Keller continues to earn plaudits
MOENCHENGLADBACH, Germany -- Kasey Keller has a first-hand feel for how much more respect American soccer players get around the world these days.
The 36-year-old goalkeeper might be the most successful American abroad, having spent 15 years starring at five different clubs in Europe's top leagues.
When he started at Millwall in 1990, he was the first to play in England on a U.S. passport. The Europeans were surprised any American would bother playing their favorite game, much less do it well.
"The change has been massive for Americans, but there is still a long ways to go," Keller said. "We're breaking down a lot of stereotypes. The football people know, but you still get a lot of that from non-football people."
Keller has played his part in changing the perception of Americans. So did the U.S. reaching the quarterfinals at the 2002 World Cup, a surprise to many around the globe.
Keller believes it could be harder for the Americans this time at June's World Cup. They drew a first-round group of Ghana and European powerhouses Italy and the Czech Republic.
"We're not going to sneak up on anybody any more," he said. "We could do well, but I'm not going to sugarcoat it. Anybody could advance out of that group. It won't be easy."
Keller now plays at Bundesliga club Borussia Moenchengladbach, where he is so highly regarded the notoriously critical German fans unfurl banners praising "Kasey 'The Wall' Keller."
He is rated second in the league among goalkeepers, ahead of the likes of Bayern Munich's Oliver Kahn, a two-time world goalie of the year.
"Kasey has been outstanding," Moenchengladbach coach Horst Koeppel said. "I prefer to say defense is a team effort, but he alone has won us points."
Keller also picked up the Honda Award earlier this month as the best U.S. soccer player, his second such award, drawing effusive praise from American teammates for his role in the team reaching the World Cup. He recorded a record eight shutouts.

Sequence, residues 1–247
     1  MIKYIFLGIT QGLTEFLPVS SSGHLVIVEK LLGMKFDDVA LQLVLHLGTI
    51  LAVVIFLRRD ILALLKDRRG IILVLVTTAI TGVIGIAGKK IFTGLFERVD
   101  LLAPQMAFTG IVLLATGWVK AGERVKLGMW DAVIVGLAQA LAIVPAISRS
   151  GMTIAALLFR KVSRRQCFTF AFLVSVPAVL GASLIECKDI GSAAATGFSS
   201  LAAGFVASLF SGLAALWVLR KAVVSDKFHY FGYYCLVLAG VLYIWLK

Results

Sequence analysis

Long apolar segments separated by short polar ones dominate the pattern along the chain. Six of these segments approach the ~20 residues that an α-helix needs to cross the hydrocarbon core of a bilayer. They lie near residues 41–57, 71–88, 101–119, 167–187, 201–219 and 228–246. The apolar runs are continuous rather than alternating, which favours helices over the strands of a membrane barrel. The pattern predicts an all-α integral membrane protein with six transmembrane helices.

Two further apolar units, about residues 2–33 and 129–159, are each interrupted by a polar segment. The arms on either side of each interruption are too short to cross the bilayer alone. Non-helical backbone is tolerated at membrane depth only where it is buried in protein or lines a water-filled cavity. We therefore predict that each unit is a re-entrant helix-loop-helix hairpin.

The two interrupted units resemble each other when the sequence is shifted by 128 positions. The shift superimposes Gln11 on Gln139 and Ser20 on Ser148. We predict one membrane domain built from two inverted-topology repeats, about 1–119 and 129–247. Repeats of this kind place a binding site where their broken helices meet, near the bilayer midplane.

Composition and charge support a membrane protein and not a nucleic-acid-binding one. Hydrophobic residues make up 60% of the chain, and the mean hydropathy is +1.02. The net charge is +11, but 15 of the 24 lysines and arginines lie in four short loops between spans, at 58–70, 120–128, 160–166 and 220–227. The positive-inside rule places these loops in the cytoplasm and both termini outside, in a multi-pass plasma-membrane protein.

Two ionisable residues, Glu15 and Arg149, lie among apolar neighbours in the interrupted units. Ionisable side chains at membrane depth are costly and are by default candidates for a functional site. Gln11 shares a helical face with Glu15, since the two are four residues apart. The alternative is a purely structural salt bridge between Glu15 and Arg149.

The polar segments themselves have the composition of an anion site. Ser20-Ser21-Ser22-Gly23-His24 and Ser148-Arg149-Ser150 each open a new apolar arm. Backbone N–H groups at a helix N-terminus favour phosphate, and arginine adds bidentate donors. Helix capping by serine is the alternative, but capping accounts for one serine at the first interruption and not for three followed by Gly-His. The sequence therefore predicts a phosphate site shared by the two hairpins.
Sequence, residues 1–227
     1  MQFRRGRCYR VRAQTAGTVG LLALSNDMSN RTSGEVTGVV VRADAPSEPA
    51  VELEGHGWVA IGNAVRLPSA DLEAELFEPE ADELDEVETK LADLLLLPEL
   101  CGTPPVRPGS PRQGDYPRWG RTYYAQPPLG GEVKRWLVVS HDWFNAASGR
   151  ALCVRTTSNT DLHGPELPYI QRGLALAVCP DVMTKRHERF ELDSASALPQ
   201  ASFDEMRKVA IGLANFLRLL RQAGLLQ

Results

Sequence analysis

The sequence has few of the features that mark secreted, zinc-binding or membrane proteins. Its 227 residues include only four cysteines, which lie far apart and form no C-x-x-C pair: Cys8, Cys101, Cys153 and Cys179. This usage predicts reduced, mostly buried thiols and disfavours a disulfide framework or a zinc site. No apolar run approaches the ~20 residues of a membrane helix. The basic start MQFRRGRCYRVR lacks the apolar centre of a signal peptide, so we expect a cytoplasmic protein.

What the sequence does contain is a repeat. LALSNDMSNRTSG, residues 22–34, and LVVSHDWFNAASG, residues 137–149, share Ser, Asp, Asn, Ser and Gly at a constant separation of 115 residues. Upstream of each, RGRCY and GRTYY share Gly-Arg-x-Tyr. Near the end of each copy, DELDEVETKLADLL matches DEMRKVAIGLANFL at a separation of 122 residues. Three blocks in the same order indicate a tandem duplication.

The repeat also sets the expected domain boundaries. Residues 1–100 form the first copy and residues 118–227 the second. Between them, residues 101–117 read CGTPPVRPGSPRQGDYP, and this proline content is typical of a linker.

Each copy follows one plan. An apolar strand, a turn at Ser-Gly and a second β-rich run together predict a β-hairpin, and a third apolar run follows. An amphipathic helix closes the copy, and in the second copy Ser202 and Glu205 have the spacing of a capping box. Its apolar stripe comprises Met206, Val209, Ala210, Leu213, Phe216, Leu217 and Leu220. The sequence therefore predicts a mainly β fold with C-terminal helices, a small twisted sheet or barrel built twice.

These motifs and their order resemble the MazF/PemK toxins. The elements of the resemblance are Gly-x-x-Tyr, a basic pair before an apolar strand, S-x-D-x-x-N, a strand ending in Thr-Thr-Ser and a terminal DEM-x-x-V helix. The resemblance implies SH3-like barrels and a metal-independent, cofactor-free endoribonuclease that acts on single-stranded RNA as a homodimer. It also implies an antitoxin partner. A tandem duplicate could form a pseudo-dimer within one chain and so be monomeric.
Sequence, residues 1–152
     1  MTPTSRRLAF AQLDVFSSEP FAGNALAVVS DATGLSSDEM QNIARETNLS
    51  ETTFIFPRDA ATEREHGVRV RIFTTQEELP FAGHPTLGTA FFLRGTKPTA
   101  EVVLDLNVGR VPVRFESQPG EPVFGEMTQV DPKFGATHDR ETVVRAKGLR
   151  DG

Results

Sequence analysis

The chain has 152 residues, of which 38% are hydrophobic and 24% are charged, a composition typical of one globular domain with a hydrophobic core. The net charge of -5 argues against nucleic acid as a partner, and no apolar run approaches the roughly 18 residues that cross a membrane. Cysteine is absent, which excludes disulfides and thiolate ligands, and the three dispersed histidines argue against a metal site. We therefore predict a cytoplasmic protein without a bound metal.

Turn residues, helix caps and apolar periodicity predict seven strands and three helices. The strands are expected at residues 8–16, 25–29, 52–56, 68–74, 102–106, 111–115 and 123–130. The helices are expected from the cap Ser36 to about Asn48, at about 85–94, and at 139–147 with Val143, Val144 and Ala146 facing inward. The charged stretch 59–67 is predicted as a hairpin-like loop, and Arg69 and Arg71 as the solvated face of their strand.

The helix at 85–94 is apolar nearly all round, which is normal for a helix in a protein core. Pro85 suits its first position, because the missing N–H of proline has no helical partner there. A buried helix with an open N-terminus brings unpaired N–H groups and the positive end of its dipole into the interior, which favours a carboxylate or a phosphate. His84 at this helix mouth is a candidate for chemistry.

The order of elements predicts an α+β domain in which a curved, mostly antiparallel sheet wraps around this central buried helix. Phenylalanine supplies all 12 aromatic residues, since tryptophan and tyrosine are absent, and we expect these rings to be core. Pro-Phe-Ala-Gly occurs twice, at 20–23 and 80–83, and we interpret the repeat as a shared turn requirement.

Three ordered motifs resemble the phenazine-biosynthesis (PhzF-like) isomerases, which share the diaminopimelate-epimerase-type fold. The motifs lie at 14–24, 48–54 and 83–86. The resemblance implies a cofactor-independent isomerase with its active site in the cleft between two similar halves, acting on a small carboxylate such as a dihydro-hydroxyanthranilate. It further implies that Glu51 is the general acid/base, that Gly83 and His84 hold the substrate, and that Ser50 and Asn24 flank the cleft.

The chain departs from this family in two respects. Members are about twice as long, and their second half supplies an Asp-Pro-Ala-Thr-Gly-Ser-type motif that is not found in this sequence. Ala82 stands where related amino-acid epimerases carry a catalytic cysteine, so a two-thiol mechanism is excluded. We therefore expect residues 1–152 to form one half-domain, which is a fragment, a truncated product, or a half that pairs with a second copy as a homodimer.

But the balding veteran wouldn't call this his best season, although he seems to be showered with more recognition.
"No, I've been fortunate to have several good seasons throughout my career," Keller said. "But I'm happy that I get asked this question at every club I have played for."
Keller had a 15-shutout season for England's Leicester City in 1997-98 and 77 saves for Tottenham two years ago, second best in England's top league. His four shutouts in four UEFA Cup rounds boosted Rayo Vallecano of Spain into the quarterfinals in 2001. The two years he spent with the club make him the only American to play in Spain's La Liga.
Keller's performance in the Americans' 1-0 win over Brazil in 1998 prompted Romario to say it was the greatest performance he had ever seen by a goalkeeper.
Since he joined Millwall in 1990, the reputation of young American players has changed so dramatically that standouts such as Bobby Convey, who drew interest from Tottenham, and Freddy Adu are now targets for big European clubs.
But Keller thinks many have unrealistic expectations, considering the top European teams choose from the world's biggest stars. Keller believes they should build a reputation first in the second division, a smaller European league or hone their skills at a small club in Europe's big four leagues.
Keller said his own adjustment to Europe was smooth after he came out of the University of Portland. Millwall is located in London, a big city, and he didn't face a language barrier.
Shortly after he arrived, his future wife, Kristin, joined him to further ease the transition. The pair have made a good life for themselves in Europe while raising 8-year-old twins Cameron and Chloe.
"Family helps, no question," Keller said of his longevity in Europe. "If you don't have a wife or girlfriend that wants to go home every day, it helps."